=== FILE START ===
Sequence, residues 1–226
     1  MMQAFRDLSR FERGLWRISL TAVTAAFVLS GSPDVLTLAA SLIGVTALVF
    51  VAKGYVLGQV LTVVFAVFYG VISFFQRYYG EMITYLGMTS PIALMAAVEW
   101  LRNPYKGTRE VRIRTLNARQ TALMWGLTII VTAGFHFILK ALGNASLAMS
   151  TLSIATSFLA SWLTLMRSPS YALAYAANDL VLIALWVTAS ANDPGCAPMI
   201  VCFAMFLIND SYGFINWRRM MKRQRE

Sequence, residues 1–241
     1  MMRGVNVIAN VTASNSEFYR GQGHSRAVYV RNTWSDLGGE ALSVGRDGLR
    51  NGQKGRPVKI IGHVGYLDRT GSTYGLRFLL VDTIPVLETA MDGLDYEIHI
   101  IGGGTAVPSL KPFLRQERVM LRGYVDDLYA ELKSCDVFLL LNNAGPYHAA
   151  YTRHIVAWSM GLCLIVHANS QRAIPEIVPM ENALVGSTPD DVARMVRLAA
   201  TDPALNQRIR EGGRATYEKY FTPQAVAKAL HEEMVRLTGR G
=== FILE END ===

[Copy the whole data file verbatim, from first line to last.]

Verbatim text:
Sequence, residues 1–226
     1  MMQAFRDLSR FERGLWRISL TAVTAAFVLS GSPDVLTLAA SLIGVTALVF
    51  VAKGYVLGQV LTVVFAVFYG VISFFQRYYG EMITYLGMTS PIALMAAVEW
   101  LRNPYKGTRE VRIRTLNARQ TALMWGLTII VTAGFHFILK ALGNASLAMS
   151  TLSIATSFLA SWLTLMRSPS YALAYAANDL VLIALWVTAS ANDPGCAPMI
   201  VCFAMFLIND SYGFINWRRM MKRQRE

Sequence, residues 1–241
     1  MMRGVNVIAN VTASNSEFYR GQGHSRAVYV RNTWSDLGGE ALSVGRDGLR
    51  NGQKGRPVKI IGHVGYLDRT GSTYGLRFLL VDTIPVLETA MDGLDYEIHI
   101  IGGGTAVPSL KPFLRQERVM LRGYVDDLYA ELKSCDVFLL LNNAGPYHAA
   151  YTRHIVAWSM GLCLIVHANS QRAIPEIVPM ENALVGSTPD DVARMVRLAA
   201  TDPALNQRIR EGGRATYEKY FTPQAVAKAL HEEMVRLTGR G